I couldn't have put this into words when I was...
What were the two things that inspired the aut...
4
This was more like it; this was what I had exp...
What was the author's undergraduate thesis about?
5
Only Harvard accepted me, so that was where I ...
What realization did the author have during th...
6
So I decided to focus on Lisp. In fact, I deci...
What motivated the author to write a book abou...
7
Anyone who wanted one to play around with coul...
What realization did the author have while vis...
8
I knew intellectually that people made art — t...
What was the author's initial perception of pe...
9
Then one day in April 1990 a crack appeared in...
What was the author's initial plan for their d...

Retrieval Evaluation

We are now prepared to perform our retrieval evaluations. We will execute the queries we generated in the previous step and verify whether or not that the correct context is retrieved.
# First things first, let's reset phoenix
px.close_app()
px.launch_app()
🌍 To view the Phoenix app in your browser, visit http://localhost:6006/
📺 To view the Phoenix app in a notebook, run `px.active_session().view()`
📖 For more information on how to use Phoenix, check out https://docs.arize.com/phoenix
​
​
​
​
​
<phoenix.session.session.ThreadSession at 0x2c6c785b0>
# loop over the questions and generate the answers
for _, row in questions_with_document_chunk_df.iterrows():
question = row["question"]
response_vector = query_engine.query(question)
print(f"Question: {question}\nAnswer: {response_vector.response}\n")
Now that we have executed the queries, we can start validating whether or not the RAG system was able to retrieve the correct context. Let's extract all the retrieved documents from the traces logged to phoenix. (For an in-depth explanation of how to export trace data from the phoenix runtime, consult the docs).
from phoenix.session.evaluation import get_retrieved_documents
​
retrieved_documents_df = get_retrieved_documents(px.active_session())
retrieved_documents_df
Text
Text
context.trace_id
input
reference
document_score
context.span_id
document_position
​
​
​
​
b375be95-8e5e-4817-a29f-e18f7aaa3e98
0
20e0f915-e089-4e8e-8314-b68ffdffd7d1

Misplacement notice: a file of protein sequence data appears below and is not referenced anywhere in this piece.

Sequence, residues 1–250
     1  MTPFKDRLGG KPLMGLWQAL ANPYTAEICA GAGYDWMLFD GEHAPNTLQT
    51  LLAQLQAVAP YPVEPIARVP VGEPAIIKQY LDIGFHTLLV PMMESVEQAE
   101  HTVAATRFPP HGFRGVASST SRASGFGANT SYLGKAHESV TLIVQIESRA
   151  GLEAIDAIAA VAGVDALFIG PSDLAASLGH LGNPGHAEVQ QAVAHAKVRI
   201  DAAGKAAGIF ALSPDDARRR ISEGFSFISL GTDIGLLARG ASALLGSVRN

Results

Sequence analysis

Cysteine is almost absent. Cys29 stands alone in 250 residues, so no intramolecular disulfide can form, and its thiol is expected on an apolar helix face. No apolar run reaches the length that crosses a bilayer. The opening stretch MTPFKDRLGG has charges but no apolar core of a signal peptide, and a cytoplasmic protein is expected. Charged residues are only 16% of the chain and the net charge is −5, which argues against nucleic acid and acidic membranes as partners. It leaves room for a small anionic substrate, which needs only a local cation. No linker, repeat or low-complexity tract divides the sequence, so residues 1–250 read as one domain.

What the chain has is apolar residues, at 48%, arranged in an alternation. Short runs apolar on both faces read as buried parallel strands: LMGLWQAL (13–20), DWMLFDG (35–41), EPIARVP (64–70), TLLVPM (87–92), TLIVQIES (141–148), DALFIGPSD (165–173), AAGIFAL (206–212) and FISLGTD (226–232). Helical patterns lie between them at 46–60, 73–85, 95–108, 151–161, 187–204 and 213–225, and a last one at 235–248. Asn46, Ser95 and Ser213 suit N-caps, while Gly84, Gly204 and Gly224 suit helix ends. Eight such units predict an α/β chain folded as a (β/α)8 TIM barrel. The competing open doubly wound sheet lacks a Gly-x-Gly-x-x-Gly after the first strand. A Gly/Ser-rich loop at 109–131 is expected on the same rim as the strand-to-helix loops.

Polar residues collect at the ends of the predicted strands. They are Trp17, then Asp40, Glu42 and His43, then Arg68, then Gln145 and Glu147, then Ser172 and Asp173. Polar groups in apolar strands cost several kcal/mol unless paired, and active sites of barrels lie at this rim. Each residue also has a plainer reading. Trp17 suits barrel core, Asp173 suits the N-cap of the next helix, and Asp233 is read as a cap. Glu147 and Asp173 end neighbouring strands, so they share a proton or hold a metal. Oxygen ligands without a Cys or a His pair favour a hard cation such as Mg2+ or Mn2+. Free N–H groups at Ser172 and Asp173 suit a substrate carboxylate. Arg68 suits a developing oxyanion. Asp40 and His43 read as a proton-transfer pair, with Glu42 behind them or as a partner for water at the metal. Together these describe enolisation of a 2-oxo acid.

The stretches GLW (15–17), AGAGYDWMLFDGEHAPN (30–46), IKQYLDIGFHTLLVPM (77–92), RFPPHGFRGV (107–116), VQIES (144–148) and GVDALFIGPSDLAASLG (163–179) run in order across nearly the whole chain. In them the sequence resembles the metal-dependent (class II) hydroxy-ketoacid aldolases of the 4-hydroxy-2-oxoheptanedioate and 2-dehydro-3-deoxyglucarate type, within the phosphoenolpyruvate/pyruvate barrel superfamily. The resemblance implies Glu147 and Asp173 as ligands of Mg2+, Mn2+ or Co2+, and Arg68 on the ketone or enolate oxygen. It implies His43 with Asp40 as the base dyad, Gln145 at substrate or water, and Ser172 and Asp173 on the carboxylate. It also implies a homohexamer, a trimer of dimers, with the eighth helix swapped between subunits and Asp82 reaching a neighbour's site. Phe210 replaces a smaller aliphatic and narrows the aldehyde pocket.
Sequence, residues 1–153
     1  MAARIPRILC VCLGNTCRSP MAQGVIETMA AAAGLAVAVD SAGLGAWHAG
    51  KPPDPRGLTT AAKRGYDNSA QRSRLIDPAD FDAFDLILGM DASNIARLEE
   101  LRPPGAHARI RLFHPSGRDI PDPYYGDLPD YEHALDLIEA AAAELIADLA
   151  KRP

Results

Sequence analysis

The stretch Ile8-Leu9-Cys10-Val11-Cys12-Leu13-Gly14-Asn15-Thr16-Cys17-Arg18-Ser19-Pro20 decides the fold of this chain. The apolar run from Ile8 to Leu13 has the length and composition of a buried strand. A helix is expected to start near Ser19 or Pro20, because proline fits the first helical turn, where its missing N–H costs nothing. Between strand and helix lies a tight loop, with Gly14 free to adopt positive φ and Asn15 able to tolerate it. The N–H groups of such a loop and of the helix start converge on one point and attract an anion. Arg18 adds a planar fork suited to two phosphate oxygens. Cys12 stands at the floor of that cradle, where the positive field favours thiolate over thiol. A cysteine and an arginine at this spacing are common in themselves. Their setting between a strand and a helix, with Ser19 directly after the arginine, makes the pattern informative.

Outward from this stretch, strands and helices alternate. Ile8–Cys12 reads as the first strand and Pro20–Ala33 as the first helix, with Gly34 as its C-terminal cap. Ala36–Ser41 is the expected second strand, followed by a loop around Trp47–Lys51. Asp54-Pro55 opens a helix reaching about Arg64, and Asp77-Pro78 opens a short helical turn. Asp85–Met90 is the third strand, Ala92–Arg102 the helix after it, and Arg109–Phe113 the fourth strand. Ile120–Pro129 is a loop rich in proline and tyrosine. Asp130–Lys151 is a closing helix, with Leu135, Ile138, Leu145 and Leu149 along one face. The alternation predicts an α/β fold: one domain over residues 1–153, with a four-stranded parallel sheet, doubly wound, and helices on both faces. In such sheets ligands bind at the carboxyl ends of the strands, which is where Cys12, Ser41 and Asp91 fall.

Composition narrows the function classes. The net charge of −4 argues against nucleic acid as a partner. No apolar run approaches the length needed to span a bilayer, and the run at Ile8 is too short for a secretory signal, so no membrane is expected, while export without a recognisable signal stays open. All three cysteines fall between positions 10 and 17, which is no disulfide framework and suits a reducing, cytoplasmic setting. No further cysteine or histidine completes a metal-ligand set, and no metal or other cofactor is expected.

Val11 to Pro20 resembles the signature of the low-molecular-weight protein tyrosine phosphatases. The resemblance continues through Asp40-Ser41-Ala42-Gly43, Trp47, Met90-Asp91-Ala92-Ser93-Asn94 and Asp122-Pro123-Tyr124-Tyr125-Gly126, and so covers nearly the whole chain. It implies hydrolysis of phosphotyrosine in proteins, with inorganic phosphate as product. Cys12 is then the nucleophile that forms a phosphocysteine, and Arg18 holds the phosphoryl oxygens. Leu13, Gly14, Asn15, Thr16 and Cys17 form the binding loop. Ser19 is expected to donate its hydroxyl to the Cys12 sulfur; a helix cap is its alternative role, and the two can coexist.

How does leaving YC affect the author's relati...
On one of them I realized I was ready to hand ...
0.820411
1
20e0f915-e089-4e8e-8314-b68ffdffd7d1
How does leaving YC affect the author's relati...
That was what it took for Rtm to offer unsolic...
0.815969
​
e4e68b51-dbc9-4154-85a4-5cc69382050d
0
4ad14fd2-0950-4b3f-9613-e1be5e51b5a4
Why did YC become a fund for a couple of years...
For example, one thing Julian had done for us ...
0.860981
1
4ad14fd2-0950-4b3f-9613-e1be5e51b5a4
Why did YC become a fund for a couple of years...
They were an impressive group. That first batc...
0.849695
​
27ba6b6f-828b-4732-bfcc-3262775cd71f
0
d62fb8e8-4247-40ac-8808-818861bfb059
Why did the author choose the name 'Y Combinat...
Screw the VCs who were taking so long to make ...
0.868981
...
...
...
...
...
...
353f152c-44ce-4f3e-a323-0caa90f4c078
1
6b7bebf6-bed3-45fd-828a-0730d8f358ba
What was the author's first experience with co...
What I Worked On\n\nFebruary 2021\n\nBefore co...
0.877719
16de2060-dd9b-4622-92a1-9be080564a40
0
6ce5800d-7186-414e-a1cf-1efb8d39c8d4
What were the limitations of the 1401 computer...
I was puzzled by the 1401. I couldn't figure o...
0.847688
1
6ce5800d-7186-414e-a1cf-1efb8d39c8d4
What were the limitations of the 1401 computer...
I remember vividly how impressed and envious I...
0.836979
​
e996c90f-4ea9-4f7c-b145-cf461de7d09b
0
a328a85a-aadd-44f5-b49a-2748d0bd4d2f
What were the two main things the author worke...
What I Worked On\n\nFebruary 2021\n\nBefore co...
0.843280
1
a328a85a-aadd-44f5-b49a-2748d0bd4d2f
What were the two main things the author worke...
Then one day in April 1990 a crack appeared in...
0.822055
​
348 rows × 4 columns
Let's now use Phoenix's LLM Evals to evaluate the relevance of the retrieved documents with regards to the query. Note, we've turned on explanations which prompts the LLM to explain it's reasoning. This can be useful for debugging and for figuring out potential corrective actions.
from phoenix.experimental.evals import (
RelevanceEvaluator,
run_evals,
)
​
relevance_evaluator = RelevanceEvaluator(OpenAIModel(model_name="gpt-4-turbo-preview"))
​
retrieved_documents_relevance_df = run_evals(
evaluators=[relevance_evaluator],
dataframe=retrieved_documents_df,
provide_explanation=True,
concurrency=20,
)[0]
retrieved_documents_relevance_df.head()
We can now combine the documents with the relevance evaluations to compute retrieval metrics. These metrics will help us understand how well the RAG system is performing.
documents_with_relevance_df = pd.concat(
[retrieved_documents_df, retrieved_documents_relevance_df.add_prefix("eval_")], axis=1
)
documents_with_relevance_df
348 rows × 7 columns
Let's compute Normalized Discounted Cumulative Gain NCDG at 2 for all our retrieval steps. In information retrieval, this metric is often used to measure effectiveness of search engine algorithms and related applications.
import numpy as np
from sklearn.metrics import ndcg_score
​
​
def _compute_ndcg(df: pd.DataFrame, k: int):
"""Compute NDCG@k in the presence of missing values"""
n = max(2, len(df))
eval_scores = np.zeros(n)
doc_scores = np.zeros(n)
eval_scores[: len(df)] = df.eval_score